6. The emotion of joy appears a few months before sadness. Later on, envy and confidence will be added to the emotional repertoire.
    7. When children begin to feel the basic emotions, in a moment of emotional overwhelm, they can burst into tantrums. For example, when the child feels sadness, fear, anger, or pain, if they don’t know how to identify it, they’ll feel confused, and this can lead to behavioral problems and anxiety.
    8. Children with good emotional intelligence perform better in school.
    9. Normally, children don’t show fear until they’re 7 or 8 months old. However, according to a study by Theodore Gaensbauer and Susan Hiatt (Facial Communication of Emotion in Early Infancy), children who are abused may show signs of fear as early as 3 months of age.
    10. Children aren’t able to regulate their emotions on their own, so adults must help them learn how to do so. This can be through games or stories and, above all, when they’re calm and quiet.
    11. From the moment a child begins to feel emotions, parents should help them to identify them and name them so that they can achieve good emotional management.
    12. Children should be allowed to express their emotions. Regardless of whether it’s a boy or a girl or what their age is, if they need to cry, they should do so. Children should not be told phrases such as: “Boys don’t cry” or “Crying is for babies”.
A baby covering his eyes with his hands while getting a kiss from his mom.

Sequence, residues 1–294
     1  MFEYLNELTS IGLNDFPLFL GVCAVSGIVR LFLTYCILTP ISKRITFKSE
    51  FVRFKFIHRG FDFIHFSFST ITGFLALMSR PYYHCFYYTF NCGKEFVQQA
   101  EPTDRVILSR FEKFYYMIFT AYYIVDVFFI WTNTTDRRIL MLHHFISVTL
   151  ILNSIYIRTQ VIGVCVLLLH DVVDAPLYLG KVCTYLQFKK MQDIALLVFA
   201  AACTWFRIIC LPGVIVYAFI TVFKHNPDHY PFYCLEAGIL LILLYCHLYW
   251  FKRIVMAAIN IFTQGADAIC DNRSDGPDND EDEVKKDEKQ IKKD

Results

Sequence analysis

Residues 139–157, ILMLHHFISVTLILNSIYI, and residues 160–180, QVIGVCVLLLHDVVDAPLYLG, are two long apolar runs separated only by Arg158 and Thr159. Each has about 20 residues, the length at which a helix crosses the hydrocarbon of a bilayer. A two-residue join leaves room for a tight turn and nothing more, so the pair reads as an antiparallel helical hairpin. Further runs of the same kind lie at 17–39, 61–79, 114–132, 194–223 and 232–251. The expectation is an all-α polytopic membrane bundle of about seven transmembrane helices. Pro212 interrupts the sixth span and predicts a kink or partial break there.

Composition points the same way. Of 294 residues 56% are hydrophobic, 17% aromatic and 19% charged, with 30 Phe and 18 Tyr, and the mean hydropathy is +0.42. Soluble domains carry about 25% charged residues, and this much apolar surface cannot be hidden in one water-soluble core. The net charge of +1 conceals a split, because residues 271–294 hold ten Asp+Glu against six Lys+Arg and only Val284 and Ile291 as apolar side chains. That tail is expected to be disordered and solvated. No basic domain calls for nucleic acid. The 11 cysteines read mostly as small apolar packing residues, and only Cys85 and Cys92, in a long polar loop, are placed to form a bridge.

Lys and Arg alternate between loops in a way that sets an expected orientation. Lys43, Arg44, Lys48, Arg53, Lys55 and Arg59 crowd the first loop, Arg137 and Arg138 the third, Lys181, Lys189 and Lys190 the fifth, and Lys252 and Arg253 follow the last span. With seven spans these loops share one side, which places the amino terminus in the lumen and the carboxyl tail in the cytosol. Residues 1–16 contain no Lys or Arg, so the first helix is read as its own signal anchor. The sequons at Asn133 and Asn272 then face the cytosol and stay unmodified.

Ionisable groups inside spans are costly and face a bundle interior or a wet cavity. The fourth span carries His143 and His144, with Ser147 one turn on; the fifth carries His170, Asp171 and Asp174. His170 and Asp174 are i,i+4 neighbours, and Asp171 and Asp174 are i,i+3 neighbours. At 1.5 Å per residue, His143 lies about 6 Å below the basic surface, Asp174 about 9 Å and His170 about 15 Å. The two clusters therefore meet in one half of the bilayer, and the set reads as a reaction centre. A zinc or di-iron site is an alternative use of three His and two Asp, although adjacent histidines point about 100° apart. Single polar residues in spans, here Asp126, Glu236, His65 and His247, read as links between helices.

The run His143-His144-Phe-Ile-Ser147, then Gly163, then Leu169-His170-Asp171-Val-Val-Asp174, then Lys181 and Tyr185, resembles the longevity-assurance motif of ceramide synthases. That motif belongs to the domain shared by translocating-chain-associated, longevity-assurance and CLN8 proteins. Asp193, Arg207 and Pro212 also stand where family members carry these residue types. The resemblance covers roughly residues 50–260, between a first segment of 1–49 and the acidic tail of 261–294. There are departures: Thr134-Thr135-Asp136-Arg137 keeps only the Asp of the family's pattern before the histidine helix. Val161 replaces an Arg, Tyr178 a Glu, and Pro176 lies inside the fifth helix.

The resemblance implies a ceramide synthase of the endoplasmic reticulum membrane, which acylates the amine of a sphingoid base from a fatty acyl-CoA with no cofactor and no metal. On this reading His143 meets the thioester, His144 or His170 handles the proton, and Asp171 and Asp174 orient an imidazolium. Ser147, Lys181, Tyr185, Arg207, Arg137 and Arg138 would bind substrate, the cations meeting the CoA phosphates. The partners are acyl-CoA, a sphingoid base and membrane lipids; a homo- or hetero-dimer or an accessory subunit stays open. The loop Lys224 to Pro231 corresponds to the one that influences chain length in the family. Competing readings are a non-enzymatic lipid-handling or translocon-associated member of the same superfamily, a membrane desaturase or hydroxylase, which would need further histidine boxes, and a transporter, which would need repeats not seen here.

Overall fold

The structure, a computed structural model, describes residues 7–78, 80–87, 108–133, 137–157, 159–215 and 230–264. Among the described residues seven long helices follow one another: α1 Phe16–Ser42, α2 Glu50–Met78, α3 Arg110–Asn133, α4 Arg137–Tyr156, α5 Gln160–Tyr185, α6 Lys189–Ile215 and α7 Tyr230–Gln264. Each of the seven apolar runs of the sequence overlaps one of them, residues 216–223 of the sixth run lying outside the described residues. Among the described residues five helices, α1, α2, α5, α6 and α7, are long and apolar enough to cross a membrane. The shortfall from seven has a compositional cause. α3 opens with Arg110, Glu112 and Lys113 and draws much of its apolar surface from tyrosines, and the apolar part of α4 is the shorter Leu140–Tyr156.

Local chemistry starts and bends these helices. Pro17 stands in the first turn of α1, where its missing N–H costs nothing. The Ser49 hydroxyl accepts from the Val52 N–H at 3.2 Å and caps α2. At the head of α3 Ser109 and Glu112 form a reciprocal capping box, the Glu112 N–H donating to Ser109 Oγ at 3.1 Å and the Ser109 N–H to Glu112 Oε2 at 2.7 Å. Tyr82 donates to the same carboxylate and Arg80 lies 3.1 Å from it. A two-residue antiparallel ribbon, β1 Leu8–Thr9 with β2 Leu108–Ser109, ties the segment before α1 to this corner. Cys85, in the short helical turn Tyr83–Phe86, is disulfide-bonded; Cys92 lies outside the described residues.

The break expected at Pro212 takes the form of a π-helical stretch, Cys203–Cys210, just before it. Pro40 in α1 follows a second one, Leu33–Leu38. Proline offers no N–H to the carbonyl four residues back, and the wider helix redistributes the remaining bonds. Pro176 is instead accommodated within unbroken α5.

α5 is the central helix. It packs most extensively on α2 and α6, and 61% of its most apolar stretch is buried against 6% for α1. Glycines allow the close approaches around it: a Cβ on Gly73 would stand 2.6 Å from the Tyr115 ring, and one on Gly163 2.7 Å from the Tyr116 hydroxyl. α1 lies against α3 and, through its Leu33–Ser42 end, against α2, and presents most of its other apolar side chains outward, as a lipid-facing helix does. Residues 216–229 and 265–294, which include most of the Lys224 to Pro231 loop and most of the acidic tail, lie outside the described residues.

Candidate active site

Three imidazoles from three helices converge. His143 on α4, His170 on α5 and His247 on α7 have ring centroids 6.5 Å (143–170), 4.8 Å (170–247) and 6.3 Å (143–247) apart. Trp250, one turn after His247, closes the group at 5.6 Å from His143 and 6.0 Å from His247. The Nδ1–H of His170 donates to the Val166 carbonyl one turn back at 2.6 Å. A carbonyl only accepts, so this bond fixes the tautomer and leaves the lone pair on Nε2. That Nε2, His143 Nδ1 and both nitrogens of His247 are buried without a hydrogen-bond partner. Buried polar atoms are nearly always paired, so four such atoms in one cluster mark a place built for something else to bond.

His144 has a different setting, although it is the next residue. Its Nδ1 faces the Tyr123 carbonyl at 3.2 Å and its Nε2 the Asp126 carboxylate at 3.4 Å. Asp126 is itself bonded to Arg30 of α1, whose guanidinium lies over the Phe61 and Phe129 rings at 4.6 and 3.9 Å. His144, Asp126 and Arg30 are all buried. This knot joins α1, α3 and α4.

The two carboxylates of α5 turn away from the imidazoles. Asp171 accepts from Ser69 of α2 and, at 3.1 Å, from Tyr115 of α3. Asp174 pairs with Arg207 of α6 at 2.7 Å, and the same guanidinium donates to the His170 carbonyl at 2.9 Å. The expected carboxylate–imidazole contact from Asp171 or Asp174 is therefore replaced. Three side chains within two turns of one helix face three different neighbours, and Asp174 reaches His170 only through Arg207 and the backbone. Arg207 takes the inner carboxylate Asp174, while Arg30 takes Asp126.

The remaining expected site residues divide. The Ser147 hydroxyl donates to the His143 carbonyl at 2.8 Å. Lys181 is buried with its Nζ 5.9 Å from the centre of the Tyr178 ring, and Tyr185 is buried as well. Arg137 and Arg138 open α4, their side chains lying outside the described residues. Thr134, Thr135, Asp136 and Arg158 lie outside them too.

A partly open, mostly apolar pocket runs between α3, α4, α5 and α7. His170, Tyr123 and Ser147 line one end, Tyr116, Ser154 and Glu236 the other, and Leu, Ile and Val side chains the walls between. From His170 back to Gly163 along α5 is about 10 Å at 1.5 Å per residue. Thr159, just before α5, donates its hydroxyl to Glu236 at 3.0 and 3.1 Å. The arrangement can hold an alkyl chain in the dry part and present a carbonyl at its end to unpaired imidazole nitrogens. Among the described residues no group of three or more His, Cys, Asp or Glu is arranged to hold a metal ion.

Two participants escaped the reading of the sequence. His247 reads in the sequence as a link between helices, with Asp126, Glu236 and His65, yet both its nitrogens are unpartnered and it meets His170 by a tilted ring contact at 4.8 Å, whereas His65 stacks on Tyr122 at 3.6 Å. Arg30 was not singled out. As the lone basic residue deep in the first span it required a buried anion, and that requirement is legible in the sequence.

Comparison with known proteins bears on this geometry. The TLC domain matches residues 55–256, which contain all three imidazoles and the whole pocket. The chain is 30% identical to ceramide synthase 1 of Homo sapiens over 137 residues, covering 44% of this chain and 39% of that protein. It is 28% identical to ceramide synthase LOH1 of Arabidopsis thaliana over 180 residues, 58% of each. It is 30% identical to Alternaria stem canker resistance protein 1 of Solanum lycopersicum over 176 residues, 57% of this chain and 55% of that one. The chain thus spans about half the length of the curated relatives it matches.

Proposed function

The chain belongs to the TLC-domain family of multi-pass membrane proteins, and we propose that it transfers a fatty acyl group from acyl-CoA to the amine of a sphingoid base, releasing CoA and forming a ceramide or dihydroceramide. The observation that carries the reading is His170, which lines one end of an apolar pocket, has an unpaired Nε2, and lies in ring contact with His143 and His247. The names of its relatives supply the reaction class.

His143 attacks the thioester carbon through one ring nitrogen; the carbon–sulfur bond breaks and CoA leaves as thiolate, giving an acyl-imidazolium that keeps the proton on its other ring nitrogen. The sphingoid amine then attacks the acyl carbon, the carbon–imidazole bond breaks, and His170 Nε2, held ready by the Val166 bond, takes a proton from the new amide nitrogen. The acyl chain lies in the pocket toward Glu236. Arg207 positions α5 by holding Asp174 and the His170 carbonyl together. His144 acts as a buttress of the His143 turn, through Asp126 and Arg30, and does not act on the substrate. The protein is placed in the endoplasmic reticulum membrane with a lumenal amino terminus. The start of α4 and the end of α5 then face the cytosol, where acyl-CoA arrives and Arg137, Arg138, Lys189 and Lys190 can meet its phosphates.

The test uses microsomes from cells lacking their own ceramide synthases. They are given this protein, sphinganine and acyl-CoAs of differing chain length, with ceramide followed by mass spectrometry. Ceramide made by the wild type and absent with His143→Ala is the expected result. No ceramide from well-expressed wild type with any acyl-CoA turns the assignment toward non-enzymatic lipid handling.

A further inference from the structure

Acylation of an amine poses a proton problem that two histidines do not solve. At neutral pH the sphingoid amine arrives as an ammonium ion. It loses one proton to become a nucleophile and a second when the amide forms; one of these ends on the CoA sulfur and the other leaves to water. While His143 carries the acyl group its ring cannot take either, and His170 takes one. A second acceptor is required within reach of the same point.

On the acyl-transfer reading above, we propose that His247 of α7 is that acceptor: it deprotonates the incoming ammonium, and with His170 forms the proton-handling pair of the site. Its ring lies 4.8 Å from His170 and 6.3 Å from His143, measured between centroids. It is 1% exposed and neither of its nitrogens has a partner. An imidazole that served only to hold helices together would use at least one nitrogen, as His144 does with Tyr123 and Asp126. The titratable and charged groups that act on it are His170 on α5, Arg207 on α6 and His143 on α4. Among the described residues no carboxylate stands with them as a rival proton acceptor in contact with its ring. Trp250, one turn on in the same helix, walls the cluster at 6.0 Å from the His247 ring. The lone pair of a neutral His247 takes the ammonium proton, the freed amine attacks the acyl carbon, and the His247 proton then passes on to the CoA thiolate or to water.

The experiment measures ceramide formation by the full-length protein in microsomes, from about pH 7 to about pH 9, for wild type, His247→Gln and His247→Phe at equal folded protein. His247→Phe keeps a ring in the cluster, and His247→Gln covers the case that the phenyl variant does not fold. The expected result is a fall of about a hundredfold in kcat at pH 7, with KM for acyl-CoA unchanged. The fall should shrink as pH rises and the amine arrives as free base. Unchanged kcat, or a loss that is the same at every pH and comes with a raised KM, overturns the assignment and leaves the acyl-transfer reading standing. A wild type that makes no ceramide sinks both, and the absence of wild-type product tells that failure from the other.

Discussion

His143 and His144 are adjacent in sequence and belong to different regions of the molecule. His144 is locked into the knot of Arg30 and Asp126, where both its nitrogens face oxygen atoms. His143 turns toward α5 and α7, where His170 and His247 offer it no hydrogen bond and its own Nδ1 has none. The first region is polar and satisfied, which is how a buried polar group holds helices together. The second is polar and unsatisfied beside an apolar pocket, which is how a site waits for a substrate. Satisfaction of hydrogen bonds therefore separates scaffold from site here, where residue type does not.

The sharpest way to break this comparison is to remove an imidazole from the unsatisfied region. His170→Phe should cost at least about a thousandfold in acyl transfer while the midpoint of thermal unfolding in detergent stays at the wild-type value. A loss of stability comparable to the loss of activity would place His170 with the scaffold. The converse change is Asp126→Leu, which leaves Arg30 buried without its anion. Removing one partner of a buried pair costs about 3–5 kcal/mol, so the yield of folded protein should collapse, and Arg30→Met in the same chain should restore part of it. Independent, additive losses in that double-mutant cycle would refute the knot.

Parents have to help children identify emotions so they can manage them in a better way, but they should also let them express them.

Children’s emotions: A whole world to discover

From the moment they’re born, parents never stop learning about our children, who are like a box of surprises, as every day, they come up with something new. As for the emotional world of children,  we’re surprised by how these primitive emotions evolve over the months , which end up becoming their basic emotional repertoire. Adults  must teach them to manage these emotions  so that they achieve healthy expression and don’t end up exploding with tantrums or outbursts. We¿re the ones who have to guide them in this world that they’re just beginning to know.

All cited sources were thoroughly reviewed by our team to ensure their quality, reliability, currency, and validity. The bibliography of this article was considered reliable and of academic or scientific accuracy.

  • Gaensbauer, T.J & Hiatt, S. (1984). Facial Communication of Emotion in Early Infancy. En Fox, N.A & Davidson,R. (Eds), The Psychobiology of Affective Development (PLE: Emotion). (207-229). Lawrence Erlbaum Associates, Inc. En internet: https://books.google.es/bookshl=es&lr=&id=pWqLBQAAQBAJ&oi=fnd&pg=PA207&dq=Facial+Communication+of+Emotion+in+Early+Infancy&ots=nsK04Ehkt1&sig=W74HxyUfvv8OTICMuRzHqwKnVc#v=onepage&q=Facial%20Communication%20of%20Emotion%20in%20Early%20Infancy&f=false

  • Shapiro, L. E. (2002). La salud emocional de los niños (Vol. 16). Edaf.

  • Sande, J. A. (2017). Educación emocional infantil. Sincronía Editorial.

  • GARCÍA, M. D. M. V., & EDUCATIVA, I. (2009). El desarrollo emocional de los niños. Innovación y experiencias Educativas15. En internet: http://biblioteca.formaciondocente.com.mx/08_DesarrolloNino/El%20Desarrollo%20Emocional%20de%20los%20Ninos.pdf

This text is provided for informational purposes only and does not replace consultation with a professional. If in doubt, consult your specialist.